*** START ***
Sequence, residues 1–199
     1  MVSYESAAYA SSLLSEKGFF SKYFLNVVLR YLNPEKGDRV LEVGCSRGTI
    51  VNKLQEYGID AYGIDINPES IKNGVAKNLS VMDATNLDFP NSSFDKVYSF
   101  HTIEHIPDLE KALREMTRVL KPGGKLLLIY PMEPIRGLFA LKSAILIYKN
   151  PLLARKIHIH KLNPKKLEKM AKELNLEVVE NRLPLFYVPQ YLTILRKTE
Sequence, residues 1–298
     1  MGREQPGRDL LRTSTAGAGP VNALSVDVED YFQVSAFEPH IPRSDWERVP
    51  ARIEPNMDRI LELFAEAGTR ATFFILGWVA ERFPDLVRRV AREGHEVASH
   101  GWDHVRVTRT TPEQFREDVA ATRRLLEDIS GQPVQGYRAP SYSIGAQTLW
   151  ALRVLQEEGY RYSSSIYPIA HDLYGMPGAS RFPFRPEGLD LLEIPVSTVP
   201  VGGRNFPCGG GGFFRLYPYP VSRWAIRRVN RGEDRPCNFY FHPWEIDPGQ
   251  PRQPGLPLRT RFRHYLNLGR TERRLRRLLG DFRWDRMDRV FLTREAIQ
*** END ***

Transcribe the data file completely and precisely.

Sequence, residues 1–199
     1  MVSYESAAYA SSLLSEKGFF SKYFLNVVLR YLNPEKGDRV LEVGCSRGTI
    51  VNKLQEYGID AYGIDINPES IKNGVAKNLS VMDATNLDFP NSSFDKVYSF
   101  HTIEHIPDLE KALREMTRVL KPGGKLLLIY PMEPIRGLFA LKSAILIYKN
   151  PLLARKIHIH KLNPKKLEKM AKELNLEVVE NRLPLFYVPQ YLTILRKTE
Sequence, residues 1–298
     1  MGREQPGRDL LRTSTAGAGP VNALSVDVED YFQVSAFEPH IPRSDWERVP
    51  ARIEPNMDRI LELFAEAGTR ATFFILGWVA ERFPDLVRRV AREGHEVASH
   101  GWDHVRVTRT TPEQFREDVA ATRRLLEDIS GQPVQGYRAP SYSIGAQTLW
   151  ALRVLQEEGY RYSSSIYPIA HDLYGMPGAS RFPFRPEGLD LLEIPVSTVP
   201  VGGRNFPCGG GGFFRLYPYP VSRWAIRRVN RGEDRPCNFY FHPWEIDPGQ
   251  PRQPGLPLRT RFRHYLNLGR TERRLRRLLG DFRWDRMDRV FLTREAIQ